The refugee crisis in Liberia remains desperate, despite a new President in Cote d’Ivoire large numbers of refugees are still crossing into Liberia. Joseph Mansaray from our Humanitarian team in West Africa, gave us this update:

The political situation is changing fast in Cote d’Ivoire [Ivory Coast]. The winner of last year’s Presidential election, Alassane Outtara, has taken power after the French military helped his troops to arrest the former President, Laurent Gbagbo, who had been refusing to leave office. Outtara is calling on people to put their differences behind them, and to forget about the idea of a division between “Ivorians” and so-called “foreigners”. He won the election and has the support of the international community. But it’s too early to tell whether he will be able to control his militias.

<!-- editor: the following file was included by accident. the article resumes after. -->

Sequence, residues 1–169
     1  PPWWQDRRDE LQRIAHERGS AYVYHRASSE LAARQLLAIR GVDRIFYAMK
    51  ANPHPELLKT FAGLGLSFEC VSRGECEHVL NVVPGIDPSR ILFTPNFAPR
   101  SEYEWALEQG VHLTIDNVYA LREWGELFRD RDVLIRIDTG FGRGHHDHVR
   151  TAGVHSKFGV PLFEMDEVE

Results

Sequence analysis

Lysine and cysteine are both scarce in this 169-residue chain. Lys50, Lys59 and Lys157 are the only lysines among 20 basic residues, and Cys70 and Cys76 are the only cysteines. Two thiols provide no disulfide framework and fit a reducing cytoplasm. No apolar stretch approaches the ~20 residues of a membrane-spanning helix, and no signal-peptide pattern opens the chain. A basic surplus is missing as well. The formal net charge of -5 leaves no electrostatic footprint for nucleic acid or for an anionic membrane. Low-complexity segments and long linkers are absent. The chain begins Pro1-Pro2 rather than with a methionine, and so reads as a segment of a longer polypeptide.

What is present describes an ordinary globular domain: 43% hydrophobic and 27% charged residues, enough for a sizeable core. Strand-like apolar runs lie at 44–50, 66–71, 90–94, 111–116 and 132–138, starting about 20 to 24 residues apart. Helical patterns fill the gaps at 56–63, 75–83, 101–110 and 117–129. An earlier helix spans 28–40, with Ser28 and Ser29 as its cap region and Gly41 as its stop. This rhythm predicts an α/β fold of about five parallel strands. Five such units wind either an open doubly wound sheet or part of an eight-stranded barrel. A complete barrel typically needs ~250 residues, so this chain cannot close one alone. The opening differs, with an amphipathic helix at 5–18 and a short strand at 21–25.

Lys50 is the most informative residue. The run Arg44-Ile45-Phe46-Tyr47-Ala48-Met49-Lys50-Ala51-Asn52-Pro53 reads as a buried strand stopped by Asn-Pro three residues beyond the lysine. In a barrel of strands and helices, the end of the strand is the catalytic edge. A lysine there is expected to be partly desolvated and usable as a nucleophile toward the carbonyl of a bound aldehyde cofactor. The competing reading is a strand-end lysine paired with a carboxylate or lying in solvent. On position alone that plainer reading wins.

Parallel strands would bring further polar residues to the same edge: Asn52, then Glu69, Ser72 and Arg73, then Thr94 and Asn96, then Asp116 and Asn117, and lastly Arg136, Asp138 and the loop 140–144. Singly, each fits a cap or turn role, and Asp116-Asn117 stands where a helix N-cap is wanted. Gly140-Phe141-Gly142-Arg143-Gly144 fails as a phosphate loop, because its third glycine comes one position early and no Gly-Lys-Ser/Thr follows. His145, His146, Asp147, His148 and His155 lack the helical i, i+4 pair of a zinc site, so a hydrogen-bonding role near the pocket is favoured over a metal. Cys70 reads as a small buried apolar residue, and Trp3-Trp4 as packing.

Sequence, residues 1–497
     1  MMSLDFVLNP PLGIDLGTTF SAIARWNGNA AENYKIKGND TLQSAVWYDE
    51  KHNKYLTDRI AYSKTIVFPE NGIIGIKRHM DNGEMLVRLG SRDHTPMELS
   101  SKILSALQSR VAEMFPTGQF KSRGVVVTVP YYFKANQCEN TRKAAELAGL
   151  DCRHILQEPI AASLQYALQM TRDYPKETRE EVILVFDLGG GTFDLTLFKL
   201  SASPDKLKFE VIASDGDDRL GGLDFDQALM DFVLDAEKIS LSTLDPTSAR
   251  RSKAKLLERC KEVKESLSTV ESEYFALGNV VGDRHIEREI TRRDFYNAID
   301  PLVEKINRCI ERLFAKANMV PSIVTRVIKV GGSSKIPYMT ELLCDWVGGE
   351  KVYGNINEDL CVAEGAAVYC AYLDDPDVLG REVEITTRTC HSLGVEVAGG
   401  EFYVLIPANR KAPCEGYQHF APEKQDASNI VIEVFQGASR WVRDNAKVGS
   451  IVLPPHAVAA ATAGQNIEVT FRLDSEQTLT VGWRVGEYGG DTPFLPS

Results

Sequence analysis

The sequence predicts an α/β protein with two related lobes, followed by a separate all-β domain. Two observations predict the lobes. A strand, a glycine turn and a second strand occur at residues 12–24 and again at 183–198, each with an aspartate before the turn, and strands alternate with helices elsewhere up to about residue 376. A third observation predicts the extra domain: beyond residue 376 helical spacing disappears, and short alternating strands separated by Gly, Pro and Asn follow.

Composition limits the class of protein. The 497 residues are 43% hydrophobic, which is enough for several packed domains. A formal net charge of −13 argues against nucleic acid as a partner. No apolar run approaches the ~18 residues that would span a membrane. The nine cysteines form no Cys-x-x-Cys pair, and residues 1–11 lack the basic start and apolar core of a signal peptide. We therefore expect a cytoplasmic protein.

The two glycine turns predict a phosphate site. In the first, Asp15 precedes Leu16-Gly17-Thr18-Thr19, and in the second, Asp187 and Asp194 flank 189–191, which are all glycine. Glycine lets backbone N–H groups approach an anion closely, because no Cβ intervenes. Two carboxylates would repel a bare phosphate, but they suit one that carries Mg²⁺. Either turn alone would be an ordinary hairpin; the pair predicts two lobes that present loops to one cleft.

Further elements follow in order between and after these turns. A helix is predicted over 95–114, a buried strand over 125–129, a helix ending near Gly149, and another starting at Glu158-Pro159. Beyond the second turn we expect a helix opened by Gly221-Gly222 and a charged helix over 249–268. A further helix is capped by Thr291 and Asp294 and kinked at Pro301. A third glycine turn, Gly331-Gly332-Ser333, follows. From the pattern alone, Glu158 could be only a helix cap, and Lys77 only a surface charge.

For the moment the refugees in Liberia are adopting a wait-and-see attitude while the situation calms down. Some still fear the prospect of retaliation between different political and tribal factions within their communities.

In villages like Glarlay, the situation remains desperate. Most of the refugees arrived there with almost nothing, and there are major shortages of food, water and basic supplies. We’re starting to build shelters to prevent overcrowding, and we’re distributing seeds so that local families can grow enough food to support the refugees. We’re also building latrines that will help to prevent the spread of disease.

Despite the change of President, no-one can predict what the future holds. But whatever happens, the refugees will not return home until the situation becomes clearer. That means that the crisis in Liberia is far from over. When the rainy season begins, it will be extremely difficult to deliver aid – so it’s vital that we keep doing everything we can to prevent a major humanitarian disaster.

The population of the Liberian village of Glarlay has doubled in the last few weeks (Photo: Antonio Cabral / CAFOD)

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